Island Roads change approach to removing weeds from Isle of Wight highways

The new method ensures Island Roads maintains the required level of service in a way that looks after the environment

Weed operatives

Island Roads is to adopt a new approach to removing weeds from the highway network.

The company will this year employ extra seasonal staff to remove weeds, wherever possible, by hand and traditional tools. Previously the approach to weed-removal was more reliant on the use of herbicides, often sprayed by contractors on quad bikes.

As well as moving away from the previous use of quad bike teams Island Roads will also from this year supplement the new ‘hands-on’ approach by using an organic-based herbicide where manual removal is not possible.

The new method has been agreed by Island Roads following local feedback including dialogue with local stakeholders and in in line with moves from within the highway maintenance industry to reduce herbicide use. Island Roads is required to undertake specified weed removal in its contract with the IW Council.

Dave Wallis, Island Roads operations and maintenance manager, said,

“We keep our processes under review and are particularly keen to look how we can improve the way we do things. Customer feedback and industry best practice is a key part of our consideration.

“This new method will ensure we continue to maintain the required level of service and in a way that reflects our commitment to working in a way that looks after the environment.

“We have always carried out weed removal in a safe way using licenced products and standard industry practices but we are always prepared to do things differently as long as we continue to meet all the contractual and safety requirements.”

Cllr John Nicholson who liaises with Island Roads in his capacity as chairman of the Island’s Working Well Together Group welcomed the move.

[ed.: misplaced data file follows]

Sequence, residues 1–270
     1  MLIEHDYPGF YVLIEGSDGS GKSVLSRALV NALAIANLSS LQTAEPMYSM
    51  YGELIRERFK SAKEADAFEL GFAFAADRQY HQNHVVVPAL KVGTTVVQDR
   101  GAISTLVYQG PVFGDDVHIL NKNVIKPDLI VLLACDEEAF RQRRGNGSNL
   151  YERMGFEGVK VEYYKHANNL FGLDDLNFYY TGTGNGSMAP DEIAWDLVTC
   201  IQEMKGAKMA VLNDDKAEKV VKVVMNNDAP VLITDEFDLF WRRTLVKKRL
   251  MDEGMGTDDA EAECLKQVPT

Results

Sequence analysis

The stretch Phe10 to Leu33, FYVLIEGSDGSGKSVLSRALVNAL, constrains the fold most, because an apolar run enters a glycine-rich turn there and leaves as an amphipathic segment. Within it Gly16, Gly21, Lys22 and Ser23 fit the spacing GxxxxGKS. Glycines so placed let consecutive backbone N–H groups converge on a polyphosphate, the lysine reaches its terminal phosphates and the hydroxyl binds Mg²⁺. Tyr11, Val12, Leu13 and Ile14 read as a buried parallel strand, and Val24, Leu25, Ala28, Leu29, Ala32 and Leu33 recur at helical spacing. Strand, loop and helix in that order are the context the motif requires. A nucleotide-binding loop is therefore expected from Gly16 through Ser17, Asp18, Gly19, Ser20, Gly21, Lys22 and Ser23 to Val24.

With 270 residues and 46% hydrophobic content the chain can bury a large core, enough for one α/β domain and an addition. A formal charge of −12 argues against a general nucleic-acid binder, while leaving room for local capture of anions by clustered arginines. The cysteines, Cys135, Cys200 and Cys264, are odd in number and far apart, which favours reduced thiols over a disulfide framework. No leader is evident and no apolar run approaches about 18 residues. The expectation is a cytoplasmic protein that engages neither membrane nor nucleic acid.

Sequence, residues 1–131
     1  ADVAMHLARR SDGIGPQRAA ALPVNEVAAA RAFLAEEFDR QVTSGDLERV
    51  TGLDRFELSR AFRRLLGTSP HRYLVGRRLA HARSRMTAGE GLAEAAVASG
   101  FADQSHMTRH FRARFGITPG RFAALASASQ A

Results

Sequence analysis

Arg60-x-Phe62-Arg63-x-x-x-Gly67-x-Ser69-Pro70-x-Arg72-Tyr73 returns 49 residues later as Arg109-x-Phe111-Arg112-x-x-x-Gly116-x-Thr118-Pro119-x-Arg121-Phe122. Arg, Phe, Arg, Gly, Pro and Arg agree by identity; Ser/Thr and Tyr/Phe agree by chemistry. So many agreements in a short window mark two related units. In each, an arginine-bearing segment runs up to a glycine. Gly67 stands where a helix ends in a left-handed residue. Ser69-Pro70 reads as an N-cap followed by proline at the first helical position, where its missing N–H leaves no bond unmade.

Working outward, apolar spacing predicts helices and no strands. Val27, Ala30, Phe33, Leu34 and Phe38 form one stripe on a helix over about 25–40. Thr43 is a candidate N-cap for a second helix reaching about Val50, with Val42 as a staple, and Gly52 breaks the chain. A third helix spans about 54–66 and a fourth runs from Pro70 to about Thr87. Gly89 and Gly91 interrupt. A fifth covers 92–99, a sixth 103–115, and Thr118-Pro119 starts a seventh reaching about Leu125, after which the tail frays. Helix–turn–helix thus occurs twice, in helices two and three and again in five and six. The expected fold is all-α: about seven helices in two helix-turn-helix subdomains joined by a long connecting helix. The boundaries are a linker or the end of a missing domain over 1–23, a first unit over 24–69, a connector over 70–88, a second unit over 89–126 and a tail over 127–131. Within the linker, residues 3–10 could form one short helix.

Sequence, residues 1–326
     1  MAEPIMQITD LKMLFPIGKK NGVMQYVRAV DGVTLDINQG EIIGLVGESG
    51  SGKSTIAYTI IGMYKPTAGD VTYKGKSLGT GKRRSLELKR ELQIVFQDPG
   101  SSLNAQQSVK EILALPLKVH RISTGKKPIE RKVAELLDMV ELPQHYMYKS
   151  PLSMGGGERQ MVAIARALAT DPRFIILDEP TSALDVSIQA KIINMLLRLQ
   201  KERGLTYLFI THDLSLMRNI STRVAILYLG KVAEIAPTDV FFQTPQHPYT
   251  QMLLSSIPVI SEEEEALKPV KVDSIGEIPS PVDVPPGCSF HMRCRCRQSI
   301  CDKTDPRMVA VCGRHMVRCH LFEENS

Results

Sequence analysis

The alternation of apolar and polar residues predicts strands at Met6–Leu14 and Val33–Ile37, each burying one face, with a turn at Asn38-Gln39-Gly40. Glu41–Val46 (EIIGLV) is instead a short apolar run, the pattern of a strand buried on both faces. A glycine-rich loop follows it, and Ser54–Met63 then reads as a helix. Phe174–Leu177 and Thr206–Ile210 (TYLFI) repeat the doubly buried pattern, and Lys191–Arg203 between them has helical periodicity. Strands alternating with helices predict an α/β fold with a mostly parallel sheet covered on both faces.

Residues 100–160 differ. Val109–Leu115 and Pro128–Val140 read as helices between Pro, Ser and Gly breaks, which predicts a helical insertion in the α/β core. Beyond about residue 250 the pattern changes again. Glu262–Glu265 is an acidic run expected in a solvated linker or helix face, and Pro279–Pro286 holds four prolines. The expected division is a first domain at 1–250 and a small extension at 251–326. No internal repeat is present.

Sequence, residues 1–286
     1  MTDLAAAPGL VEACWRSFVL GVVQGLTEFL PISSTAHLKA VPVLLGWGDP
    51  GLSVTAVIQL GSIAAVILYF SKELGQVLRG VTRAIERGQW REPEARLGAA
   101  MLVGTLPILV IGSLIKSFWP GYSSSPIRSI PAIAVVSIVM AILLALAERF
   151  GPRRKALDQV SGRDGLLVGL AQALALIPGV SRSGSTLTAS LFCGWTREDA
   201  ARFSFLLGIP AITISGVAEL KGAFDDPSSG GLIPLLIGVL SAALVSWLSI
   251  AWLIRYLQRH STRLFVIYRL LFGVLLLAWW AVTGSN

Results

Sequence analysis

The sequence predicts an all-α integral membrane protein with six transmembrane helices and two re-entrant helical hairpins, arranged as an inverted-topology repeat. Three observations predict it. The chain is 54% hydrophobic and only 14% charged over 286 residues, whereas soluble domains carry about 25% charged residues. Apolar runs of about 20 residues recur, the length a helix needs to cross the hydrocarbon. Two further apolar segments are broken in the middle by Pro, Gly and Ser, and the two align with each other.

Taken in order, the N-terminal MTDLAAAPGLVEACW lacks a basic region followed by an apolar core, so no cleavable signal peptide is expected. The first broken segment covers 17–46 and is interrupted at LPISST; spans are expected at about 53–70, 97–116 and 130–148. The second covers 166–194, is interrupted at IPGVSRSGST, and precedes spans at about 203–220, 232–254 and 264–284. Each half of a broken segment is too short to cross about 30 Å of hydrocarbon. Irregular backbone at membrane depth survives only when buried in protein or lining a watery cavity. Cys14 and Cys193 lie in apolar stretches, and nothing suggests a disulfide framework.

He said,

“I know that Island Roads takes its obligations very seriously and is always looking to do the right thing. It is a big organisation in Island terms but is prepared to try something different if it means it can do its job in a better way.”

Image (L-R) operative Lee Cotton and charge hand Amanda Cooney


News shared by Gavin behalf of Island Roads. Ed

Thursday, 4th March, 2021 5:15pm

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10 Comments on "Island Roads change approach to removing weeds from Isle of Wight highways"

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CB500

Fantastic news and about time. Let’s hope they do it all manually and avoid the herbicides altogether. Also, it would be nice to see them selectively leaving some weeds to grow – we had wonderful poppies and many more around the Ventnor pavements last year.

Steve Goodman

It certainly sounds like a step in the right direction; as it’s IR some worry remains about what “wherever possible” and “where manual removal is not possible” will turn out to mean, given that machine-free and chemical-free control was always and is still possible, and (from memory) that some “organic-based” herbicides (eg glyphosate) are toxic to various degrees…

ian123

This is very good news. The way that council employees used to speed up and down on their quad bikes spraying strong chemicals over pavements and around street trees, disappearing without leaving any notices warning people (pet owners in particular), was always concerning.

Tamara
No, Island Roads, you cannot claim that spraying neonicotinoid herbicides from quad bikes was safe practice. That was endangering human and other animals’ health. But at last you are listening and changing your ways. Now stop calling them weeds and take a course in botany. Some native wild plants are shallow rooting and will do no harm to pavement edges or walls, but enhance our built environment… Read more »
Rowan

Great news! Thank you!

Rhos yr Alarch

Phew – at last some good sense prevails! Hitherto the spraying regime has been liberal and indisriminate. Hopefully some of the native plants will be left in place if they are not affecting drainage of safety of the public…

elemental

Thank you, decision makers!

islandliving100
I’m all for avoiding herbicides, but I’m sure we’ll pay more for this approach in the long run with IR. When people question “why is there weeds everywhere?” Island Roads will just say they’re taking the environmental approach (ie; off the hook). A mixture of all methods is the best. Hand pulling and regular maintenance in sensitive areas. Spraying glyphosate or hot foam on new highways/kerbs where… Read more »
Rowan

The trouble with pesticides being a ‘cheap’ option is that the costs come along later in the form of damaged habitats and damage to people’s health.

Benny C

Hopefully people are more likely to ask ‘why are there more weeds everywhere.’ Spraying herbicides is yesterday’s hero. Catch up.